Airbnb fights for outbound Chinese travelers

Airbnb is still fighting to grow its footprint in China. The San Francisco-based company has named an existing executive, Hong Ge, as Vice President in charge of its business in the world’s second-largest economy, where its business is known as Aibiying—“welcome each other with love”.

While Airbnb has around 80,000 listings in China, it is still far behind local businesses like Xiaozhu, which has about 140,000 listings, and Tujia, with more than 430,000 listings.

And if Tujia has its way, Airbnb may have to fight harder to capture the ever-lucrative outbound Chinese market in more Asian cities. With strong brand recognition among domestic travelers, Tujia wants to be the home-sharing service of choice for Chinese people traveling in Southeast Asia, Japan and South Korea. To that end, the company is currently seeking a fresh round of funds, in part to help expand products and properties abroad.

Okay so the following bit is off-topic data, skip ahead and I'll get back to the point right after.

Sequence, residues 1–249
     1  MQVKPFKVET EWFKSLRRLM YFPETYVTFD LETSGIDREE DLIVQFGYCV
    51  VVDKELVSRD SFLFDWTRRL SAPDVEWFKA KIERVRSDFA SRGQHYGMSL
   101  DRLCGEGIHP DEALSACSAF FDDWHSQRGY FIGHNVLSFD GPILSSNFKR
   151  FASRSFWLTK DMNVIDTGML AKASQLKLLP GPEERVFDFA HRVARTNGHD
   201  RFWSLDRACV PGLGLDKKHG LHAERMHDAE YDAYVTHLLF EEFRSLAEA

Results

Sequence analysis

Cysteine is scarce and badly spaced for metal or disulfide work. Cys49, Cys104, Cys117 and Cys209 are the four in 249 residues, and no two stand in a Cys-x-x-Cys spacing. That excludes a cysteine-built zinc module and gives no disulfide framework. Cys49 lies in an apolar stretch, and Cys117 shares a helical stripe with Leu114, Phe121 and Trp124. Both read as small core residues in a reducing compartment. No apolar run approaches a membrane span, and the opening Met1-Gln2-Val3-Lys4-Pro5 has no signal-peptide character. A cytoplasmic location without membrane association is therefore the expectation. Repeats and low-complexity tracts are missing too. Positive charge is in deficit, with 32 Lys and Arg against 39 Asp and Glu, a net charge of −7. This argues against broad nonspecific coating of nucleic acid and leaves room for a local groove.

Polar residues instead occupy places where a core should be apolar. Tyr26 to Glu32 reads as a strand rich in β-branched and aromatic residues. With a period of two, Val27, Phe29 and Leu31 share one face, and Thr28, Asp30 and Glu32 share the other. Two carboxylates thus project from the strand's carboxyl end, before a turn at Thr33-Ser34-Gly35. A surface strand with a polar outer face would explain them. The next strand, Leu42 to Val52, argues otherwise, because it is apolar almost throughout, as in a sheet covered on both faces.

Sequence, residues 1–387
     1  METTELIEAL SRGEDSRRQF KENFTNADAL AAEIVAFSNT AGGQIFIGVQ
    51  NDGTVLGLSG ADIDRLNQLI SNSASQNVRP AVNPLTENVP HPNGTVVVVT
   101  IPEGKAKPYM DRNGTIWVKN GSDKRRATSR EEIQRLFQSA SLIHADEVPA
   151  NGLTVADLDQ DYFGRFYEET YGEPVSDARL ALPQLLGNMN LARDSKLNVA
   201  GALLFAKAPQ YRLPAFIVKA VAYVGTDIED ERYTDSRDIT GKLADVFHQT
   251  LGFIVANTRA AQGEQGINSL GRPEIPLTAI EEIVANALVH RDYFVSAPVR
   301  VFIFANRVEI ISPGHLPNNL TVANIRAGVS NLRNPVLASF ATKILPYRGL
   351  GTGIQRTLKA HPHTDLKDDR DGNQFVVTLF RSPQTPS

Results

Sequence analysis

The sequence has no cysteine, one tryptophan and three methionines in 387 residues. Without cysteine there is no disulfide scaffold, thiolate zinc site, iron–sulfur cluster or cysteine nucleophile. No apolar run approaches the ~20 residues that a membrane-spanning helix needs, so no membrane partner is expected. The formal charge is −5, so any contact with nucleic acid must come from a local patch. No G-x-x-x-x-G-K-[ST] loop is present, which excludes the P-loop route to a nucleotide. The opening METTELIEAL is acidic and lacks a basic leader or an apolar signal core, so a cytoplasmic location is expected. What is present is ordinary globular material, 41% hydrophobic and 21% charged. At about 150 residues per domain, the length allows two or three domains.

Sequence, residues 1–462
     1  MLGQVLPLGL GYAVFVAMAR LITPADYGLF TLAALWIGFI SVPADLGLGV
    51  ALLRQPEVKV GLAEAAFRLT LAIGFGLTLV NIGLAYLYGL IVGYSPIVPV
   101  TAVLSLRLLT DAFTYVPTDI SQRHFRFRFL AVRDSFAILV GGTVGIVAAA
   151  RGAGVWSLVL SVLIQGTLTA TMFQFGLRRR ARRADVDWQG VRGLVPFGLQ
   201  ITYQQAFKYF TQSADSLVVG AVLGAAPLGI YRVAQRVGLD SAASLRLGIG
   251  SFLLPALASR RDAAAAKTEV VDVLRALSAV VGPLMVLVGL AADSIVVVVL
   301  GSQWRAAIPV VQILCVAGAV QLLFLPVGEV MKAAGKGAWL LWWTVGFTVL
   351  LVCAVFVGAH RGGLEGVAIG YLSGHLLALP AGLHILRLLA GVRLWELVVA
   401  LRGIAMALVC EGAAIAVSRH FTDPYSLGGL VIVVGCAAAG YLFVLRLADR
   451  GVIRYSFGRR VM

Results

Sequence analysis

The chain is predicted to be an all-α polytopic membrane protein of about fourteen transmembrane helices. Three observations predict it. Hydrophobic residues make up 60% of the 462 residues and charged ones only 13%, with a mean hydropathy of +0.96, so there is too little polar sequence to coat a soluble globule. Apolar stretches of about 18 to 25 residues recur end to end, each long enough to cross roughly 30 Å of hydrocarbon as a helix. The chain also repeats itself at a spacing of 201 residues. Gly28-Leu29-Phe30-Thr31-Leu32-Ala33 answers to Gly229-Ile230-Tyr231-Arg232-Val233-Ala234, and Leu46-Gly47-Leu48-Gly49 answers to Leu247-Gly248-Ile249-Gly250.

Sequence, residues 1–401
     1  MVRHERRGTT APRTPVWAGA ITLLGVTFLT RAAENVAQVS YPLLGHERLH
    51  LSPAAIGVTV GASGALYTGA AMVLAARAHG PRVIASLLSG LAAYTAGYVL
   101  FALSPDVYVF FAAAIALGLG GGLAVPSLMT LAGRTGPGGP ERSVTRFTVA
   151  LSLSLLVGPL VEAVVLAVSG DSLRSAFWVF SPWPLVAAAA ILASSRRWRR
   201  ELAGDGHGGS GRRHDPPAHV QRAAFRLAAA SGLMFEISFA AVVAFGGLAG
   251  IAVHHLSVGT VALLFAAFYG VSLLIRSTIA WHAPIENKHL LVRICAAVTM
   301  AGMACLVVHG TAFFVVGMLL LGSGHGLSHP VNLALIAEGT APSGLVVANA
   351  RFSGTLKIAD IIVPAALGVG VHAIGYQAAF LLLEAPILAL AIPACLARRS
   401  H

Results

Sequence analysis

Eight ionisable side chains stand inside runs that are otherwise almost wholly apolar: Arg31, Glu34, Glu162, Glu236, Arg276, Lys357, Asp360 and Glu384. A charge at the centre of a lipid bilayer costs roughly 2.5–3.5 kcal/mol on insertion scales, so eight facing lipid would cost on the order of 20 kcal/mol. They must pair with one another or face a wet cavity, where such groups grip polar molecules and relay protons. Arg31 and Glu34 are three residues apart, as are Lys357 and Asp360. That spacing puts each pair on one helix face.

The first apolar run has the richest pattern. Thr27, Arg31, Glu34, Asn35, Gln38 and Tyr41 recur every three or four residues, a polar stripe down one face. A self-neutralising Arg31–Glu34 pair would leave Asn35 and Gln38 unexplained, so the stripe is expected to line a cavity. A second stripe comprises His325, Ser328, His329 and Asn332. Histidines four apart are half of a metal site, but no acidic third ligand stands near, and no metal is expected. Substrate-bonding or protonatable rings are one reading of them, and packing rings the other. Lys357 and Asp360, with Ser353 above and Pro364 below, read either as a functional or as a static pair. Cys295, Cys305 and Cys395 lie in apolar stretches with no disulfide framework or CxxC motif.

Growing Pains

Tujia set up a Japan team last year, and Tujia co-founder Melissa Yang told CNN that bookings there have quadrupled over the last 12 years. “We know China travelers the best,” said Ms Yang. “We follow whatever Chinese travelers want.”

Tujia is reportedly valued at more than $1 billion, and a representative told Bloomberg in April that the company was in the midst of raising an extra $300 million to fund its expansion efforts.

Those efforts will step up the competition between the two businesses, especially with both companies out of their home turf. While Airbnb has 3 million global listings (including the 80,000 in China), Tujia has only 20,000 properties listed outside of its home country, where it accounts for more than 30 per cent of the domestic market.

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